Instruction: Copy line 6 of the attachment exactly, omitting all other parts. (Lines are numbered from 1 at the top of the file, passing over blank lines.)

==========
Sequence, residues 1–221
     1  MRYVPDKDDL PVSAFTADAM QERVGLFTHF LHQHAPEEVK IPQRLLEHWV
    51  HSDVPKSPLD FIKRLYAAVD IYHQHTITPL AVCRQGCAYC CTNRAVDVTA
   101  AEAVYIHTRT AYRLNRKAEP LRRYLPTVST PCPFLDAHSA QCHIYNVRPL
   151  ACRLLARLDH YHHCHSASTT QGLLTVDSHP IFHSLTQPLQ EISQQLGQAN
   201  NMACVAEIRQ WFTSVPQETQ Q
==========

   201  NMACVAEIRQ WFTSVPQETQ Q